Use an anemometer
An anemometer is generally the best way to determine wind speed. However, when one is not available, you may determine the speed of the wind through the use of the Beaufort Scale.
A usable alternative
The Beaufort Scale allows you to use the appearance of the sea surface to estimate wind speed. The state of the sea, the dimensions of the waves, the presence of white caps, foam, or spray, depends principally on three factors:
- Speed. The higher the speed of the wind, the greater is the disturbance.
- Duration. Disturbance increases the longer the wind blows at a given speed, until a maximum state of disturbance is reached. In other words, the longer the wind blows, the bigger the waves get, to a certain point.
- Fetch. This is the length of the stretch of water over which the wind acts on the sea surface from the same direction.
For a given wind speed and duration, the longer the fetch, the greater is the sea disturbance. If the fetch is short, such as a few miles, the disturbance is relatively small no matter how great the wind speed is or how long it has been blowing.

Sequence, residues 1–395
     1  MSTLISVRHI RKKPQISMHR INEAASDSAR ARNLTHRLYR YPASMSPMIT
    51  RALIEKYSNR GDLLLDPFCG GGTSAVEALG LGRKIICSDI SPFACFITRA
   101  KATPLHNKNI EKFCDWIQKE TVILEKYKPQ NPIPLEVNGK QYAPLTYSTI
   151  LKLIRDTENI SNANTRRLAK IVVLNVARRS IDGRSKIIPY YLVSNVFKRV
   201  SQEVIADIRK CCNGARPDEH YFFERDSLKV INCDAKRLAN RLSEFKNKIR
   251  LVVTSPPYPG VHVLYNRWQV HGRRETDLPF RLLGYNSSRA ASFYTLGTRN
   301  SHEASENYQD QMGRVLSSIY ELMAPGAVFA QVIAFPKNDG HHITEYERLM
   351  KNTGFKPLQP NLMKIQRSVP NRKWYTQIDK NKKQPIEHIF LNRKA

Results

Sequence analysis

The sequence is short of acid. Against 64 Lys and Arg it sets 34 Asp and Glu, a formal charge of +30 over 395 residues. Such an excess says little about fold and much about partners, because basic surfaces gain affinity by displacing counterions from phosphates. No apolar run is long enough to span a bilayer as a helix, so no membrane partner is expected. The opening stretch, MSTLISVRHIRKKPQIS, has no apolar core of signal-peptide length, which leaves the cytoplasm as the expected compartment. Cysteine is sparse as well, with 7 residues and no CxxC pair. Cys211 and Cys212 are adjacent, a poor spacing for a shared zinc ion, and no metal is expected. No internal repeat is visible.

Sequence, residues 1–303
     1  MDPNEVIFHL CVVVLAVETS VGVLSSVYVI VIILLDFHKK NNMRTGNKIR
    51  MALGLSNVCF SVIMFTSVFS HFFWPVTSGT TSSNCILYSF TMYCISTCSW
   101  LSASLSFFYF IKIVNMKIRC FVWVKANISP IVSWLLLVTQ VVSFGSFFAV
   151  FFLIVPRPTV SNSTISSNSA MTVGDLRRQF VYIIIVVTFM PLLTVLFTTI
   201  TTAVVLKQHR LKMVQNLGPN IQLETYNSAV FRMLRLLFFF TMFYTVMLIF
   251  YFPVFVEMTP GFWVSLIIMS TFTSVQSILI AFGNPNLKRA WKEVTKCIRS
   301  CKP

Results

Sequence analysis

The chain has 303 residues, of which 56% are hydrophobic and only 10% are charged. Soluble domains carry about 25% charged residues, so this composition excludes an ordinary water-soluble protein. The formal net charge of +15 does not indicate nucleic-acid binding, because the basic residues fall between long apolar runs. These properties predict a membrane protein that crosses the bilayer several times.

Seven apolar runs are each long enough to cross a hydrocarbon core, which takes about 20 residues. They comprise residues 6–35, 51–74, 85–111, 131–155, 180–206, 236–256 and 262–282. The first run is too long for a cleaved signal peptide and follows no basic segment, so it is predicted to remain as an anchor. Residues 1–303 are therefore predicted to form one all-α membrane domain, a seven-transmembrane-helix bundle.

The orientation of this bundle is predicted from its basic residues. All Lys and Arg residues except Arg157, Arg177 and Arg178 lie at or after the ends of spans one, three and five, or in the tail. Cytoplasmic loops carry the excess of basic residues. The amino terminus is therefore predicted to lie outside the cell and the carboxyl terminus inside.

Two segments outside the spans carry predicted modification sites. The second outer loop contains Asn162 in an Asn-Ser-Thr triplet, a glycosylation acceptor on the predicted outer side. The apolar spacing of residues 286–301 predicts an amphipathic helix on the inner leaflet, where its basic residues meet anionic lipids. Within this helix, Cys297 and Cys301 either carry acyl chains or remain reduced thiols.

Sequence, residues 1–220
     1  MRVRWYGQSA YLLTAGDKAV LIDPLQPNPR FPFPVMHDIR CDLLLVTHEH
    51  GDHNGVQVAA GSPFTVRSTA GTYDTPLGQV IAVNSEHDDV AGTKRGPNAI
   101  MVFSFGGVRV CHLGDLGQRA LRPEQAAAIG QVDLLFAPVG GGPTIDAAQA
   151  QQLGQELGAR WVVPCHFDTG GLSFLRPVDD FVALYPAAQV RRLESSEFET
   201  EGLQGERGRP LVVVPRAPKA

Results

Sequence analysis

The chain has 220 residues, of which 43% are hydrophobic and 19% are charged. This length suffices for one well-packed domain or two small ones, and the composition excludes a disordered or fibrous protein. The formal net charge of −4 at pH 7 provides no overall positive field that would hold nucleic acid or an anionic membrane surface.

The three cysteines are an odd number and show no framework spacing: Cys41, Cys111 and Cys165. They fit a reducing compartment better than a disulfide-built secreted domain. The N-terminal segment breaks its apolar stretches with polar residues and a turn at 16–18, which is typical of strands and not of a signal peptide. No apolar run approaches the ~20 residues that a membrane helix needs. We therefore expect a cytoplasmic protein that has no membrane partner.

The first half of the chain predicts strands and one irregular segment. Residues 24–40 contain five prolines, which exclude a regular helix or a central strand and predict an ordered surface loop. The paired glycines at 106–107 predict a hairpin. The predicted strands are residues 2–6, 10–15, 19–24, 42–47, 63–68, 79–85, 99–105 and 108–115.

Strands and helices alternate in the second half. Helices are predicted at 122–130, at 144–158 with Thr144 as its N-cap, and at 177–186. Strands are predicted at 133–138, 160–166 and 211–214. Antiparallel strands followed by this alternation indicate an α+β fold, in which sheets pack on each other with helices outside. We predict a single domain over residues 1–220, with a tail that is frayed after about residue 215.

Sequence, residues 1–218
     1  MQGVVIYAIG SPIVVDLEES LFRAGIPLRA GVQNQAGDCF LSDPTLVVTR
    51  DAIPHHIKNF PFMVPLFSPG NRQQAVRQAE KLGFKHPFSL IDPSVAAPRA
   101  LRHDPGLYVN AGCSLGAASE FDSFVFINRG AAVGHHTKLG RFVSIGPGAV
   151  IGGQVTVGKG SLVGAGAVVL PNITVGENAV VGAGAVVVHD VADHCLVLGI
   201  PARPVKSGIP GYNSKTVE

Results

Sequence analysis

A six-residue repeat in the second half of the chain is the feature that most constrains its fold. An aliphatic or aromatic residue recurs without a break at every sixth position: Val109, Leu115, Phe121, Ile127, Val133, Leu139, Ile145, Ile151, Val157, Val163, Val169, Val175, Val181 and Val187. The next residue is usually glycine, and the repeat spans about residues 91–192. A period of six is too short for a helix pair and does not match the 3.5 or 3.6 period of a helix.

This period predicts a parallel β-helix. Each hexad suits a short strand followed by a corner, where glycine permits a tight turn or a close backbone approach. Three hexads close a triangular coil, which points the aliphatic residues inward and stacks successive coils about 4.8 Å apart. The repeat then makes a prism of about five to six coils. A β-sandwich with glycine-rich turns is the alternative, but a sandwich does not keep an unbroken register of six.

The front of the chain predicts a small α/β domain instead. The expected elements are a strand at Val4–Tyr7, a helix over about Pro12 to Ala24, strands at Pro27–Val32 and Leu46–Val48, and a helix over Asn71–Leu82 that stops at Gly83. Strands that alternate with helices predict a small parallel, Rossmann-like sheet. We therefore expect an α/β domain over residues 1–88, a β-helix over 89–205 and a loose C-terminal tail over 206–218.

The Beaufort Wind Scale
The following table provides excellent guidelines on turning sea state observations into a usable estimate of wind speed.
In practice, the mariner observes the sea surface, noting the size of the waves, the white caps, spindrift, etc., and then finds the criterion which best describes the sea surface as observed.
The Beaufort Scale assumes “steady-state” conditions. Rapid increases in wind speed take time to develop into sea state.
Duration and fetch
As can be seen in this table, Beaufort force 5 winds (17 to 21 kts) can develop into 8 foot wind waves. However, it requires over 8 hours and more than 60 miles of fetch to do so.
Significant wave height (SWH)
The maximum wave height in the second column is the average height of the highest one-third of the waves.